New ITS doc system

ITS documentation formerly located at itcs.umich.edu/itcsdocs has been moved to the new ITS Documentation site. Documents are designed to work well across multiple devices and screen sizes. Please note two main changes:

  • Doc numbers are gone: Numbers like R1162 or S4316 at the end of document titles have been removed—you can no longer search for documents by number. We've heard that most users don't find them helpful. The new system groups documents into service categories.
  • Update links for new URLs: Redirection from old to new docs is in place until May 1, 2017. Be sure to update links in internal documentation, knowledge base articles, automated system messages, printed materials, etc. before then.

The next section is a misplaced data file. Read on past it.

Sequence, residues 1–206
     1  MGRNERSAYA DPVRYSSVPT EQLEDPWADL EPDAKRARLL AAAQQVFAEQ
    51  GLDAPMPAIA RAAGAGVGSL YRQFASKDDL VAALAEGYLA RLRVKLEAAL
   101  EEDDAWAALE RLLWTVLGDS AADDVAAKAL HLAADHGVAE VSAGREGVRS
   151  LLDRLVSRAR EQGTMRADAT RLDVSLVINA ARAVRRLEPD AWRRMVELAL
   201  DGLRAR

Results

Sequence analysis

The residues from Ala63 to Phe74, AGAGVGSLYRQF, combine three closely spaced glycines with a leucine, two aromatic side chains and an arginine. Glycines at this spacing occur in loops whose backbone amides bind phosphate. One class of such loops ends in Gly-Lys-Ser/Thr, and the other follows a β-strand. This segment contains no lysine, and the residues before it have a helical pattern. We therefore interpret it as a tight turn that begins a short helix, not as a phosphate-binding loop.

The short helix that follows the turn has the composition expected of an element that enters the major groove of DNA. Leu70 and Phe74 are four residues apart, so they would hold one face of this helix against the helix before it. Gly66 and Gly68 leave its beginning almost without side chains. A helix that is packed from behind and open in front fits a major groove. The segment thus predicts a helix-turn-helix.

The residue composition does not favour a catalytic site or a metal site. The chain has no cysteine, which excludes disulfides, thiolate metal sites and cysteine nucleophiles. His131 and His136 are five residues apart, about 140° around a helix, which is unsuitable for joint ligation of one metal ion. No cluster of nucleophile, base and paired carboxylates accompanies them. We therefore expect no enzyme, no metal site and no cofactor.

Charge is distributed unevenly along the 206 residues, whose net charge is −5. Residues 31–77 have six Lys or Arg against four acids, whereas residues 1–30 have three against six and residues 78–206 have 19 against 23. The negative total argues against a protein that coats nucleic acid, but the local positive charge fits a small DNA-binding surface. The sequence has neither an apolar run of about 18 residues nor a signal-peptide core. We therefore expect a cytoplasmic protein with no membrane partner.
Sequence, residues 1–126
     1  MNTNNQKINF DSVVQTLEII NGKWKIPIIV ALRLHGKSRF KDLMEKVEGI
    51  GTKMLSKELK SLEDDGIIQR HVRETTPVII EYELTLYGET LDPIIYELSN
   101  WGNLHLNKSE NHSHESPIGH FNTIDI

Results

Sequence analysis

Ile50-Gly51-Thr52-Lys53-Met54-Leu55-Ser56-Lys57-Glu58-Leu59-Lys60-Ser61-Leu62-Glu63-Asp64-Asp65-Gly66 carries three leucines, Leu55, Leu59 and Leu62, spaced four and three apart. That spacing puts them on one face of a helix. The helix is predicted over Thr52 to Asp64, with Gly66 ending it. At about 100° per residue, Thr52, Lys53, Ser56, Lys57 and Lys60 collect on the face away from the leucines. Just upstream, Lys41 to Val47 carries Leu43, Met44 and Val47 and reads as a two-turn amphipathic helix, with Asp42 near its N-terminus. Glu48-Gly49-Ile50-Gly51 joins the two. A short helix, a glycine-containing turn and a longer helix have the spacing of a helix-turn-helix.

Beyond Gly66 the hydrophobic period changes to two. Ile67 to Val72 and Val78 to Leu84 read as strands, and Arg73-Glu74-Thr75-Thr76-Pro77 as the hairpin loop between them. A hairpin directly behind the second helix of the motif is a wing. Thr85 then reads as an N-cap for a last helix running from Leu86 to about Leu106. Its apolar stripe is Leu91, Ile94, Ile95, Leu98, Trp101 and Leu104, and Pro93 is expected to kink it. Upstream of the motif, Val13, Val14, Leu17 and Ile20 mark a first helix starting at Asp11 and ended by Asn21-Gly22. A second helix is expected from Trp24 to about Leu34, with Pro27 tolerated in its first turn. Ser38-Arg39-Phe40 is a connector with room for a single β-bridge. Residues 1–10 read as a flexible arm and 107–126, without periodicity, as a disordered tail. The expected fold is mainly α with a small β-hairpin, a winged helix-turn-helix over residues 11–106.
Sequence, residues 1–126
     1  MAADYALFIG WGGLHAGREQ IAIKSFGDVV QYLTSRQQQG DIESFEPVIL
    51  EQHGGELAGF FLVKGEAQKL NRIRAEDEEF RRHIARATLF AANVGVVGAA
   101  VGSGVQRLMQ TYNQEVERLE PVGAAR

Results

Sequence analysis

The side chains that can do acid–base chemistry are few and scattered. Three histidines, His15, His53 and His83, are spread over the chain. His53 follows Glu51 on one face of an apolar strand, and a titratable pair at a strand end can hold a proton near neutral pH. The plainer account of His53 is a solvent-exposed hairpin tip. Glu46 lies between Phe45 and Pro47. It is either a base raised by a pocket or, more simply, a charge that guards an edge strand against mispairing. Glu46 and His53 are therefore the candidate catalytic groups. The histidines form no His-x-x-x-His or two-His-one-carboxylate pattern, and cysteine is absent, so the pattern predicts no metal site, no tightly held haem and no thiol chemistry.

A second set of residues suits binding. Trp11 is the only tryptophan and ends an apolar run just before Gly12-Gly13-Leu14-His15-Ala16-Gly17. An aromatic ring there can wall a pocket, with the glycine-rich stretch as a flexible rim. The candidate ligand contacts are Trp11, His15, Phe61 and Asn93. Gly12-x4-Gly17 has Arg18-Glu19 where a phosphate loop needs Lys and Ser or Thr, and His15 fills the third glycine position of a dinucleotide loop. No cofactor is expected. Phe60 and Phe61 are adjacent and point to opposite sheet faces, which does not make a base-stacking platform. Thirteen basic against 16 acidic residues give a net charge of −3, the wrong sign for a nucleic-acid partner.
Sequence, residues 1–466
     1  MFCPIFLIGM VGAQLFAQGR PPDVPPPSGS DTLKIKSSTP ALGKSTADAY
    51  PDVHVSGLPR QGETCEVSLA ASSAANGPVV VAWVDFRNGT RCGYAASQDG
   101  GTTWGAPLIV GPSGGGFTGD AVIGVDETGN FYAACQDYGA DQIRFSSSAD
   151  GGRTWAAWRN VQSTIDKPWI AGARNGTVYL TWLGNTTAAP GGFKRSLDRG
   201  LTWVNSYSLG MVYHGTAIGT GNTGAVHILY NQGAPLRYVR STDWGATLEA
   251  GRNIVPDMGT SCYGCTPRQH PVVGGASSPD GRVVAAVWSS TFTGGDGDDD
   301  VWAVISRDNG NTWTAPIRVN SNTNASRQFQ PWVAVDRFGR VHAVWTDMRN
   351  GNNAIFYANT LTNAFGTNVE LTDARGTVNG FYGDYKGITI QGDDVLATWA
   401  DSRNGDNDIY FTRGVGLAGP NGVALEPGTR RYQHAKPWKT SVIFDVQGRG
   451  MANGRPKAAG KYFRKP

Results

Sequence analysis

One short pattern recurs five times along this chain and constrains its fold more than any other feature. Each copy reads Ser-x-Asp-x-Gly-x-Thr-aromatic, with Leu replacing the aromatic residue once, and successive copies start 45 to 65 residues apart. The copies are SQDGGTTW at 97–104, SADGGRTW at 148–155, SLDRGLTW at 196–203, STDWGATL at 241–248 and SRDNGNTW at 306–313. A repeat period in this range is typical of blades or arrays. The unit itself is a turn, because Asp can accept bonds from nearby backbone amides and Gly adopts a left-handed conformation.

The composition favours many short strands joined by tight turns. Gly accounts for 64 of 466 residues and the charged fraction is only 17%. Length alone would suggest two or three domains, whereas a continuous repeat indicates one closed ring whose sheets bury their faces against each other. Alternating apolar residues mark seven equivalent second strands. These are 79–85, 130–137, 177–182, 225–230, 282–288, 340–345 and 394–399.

Safe Computing website redesign

Check out the new Safe Computing website! It has been completely redesigned to work well across multiple devices and screen sizes. It has a new architecture based on user interviews to help you navigate and find information quickly. The home URL—safecomputing.umich.edu—remains as is, but all other URLs within the site have changed. Redirects from the old URLs will be in place through May 1, 2017. Please update any links you have to pages on Safe Computing before then. The new site uses the https protocol, which adds a layer of security for users. This helps prevent others from reading or forging the contents of communications between the user and site. It also means all Safe Computing URLs begin with https. Users don't need to enter the https; it will be added automatically. Use of https for the site does not require users to log in.